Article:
Varying strength examples exist (table beers of about 5% strength, typical export beers of about 6.5%, and stronger versions of 8%+). Strong versions (6.5%-9.5%) and darker versions (copper to dark brown/black) should be entered as Belgian Specialty Ales (16E). Sweetness decreases and spice, hop and sour character increases with strength. Herb and spice additions often reflect the indigenous varieties available at the brewery. High carbonation and extreme attenuation (85-95%) helps bring out the many flavors and to increase the perception of a dry finish. All of these beers share somewhat higher levels of acidity than other Belgian styles while the optional sour flavor is often a variable house character of a particular brewery.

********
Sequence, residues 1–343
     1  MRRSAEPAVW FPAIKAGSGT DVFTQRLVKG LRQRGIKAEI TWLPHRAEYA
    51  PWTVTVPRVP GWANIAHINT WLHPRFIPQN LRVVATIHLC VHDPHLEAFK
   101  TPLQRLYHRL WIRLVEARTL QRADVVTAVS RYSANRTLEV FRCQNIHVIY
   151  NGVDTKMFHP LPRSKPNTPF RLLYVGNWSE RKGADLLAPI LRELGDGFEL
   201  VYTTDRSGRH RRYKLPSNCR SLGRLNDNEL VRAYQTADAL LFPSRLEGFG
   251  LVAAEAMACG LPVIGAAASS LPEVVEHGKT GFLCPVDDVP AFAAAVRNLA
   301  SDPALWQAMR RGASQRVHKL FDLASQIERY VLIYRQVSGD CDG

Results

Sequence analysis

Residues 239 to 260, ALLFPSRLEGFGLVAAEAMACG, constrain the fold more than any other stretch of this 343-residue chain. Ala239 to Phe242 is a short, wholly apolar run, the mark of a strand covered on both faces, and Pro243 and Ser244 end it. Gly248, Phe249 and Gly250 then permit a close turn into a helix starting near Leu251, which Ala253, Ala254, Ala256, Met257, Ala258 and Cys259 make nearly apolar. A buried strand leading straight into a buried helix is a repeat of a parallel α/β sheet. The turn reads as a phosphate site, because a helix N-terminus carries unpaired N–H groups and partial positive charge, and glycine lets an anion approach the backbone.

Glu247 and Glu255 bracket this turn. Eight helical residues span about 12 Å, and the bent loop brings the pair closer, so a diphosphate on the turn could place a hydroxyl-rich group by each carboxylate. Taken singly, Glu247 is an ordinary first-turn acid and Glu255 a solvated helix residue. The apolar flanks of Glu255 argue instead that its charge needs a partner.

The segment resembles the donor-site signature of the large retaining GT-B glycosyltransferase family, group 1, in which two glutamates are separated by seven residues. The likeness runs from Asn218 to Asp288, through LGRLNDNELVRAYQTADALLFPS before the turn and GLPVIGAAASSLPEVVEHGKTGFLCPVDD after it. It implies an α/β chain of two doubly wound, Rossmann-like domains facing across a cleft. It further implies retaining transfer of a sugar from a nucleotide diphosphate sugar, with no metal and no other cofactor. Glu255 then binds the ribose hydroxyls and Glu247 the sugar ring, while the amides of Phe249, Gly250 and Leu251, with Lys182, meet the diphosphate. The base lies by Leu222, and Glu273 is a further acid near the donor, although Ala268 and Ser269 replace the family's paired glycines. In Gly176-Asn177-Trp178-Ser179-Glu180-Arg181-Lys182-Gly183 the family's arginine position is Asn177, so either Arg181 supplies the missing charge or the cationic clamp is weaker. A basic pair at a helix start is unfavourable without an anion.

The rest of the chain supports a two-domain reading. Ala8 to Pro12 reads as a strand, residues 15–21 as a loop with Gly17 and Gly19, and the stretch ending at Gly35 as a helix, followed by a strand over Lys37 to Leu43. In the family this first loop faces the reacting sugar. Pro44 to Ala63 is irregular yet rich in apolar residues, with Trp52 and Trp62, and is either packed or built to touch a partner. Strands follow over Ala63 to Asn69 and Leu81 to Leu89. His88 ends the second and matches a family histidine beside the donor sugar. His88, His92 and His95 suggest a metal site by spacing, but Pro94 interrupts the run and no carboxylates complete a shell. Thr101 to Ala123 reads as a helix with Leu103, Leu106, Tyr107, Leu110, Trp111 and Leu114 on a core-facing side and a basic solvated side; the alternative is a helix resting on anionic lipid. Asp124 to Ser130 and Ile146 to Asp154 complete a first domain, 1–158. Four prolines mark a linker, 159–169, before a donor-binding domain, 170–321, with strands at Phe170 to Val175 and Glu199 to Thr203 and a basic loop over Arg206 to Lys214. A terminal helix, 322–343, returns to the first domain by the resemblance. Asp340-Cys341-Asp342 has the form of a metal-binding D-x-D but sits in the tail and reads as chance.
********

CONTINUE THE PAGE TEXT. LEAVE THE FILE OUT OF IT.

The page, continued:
NewtownClown

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Fletch
Your recipe doesn't look like it will finish dry enough. I would add some simple sugar, even up to 15%, and mash 64c.
I have used WLP565 for saisons and found it best to start low and let it rise to 25/27c. You really want high attentuation. Some people have even used champagne yeast to finish it off.
A little CaraMunich (50grams) wouldn't hurt...
Leave out the cascade and 5 min addition but consider 20 g Hallertauer at flameout...

my 2c
 

Jace89

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As mentioned above don't be afraid of adding some sugar, I'd start around the 5-10% range possibly.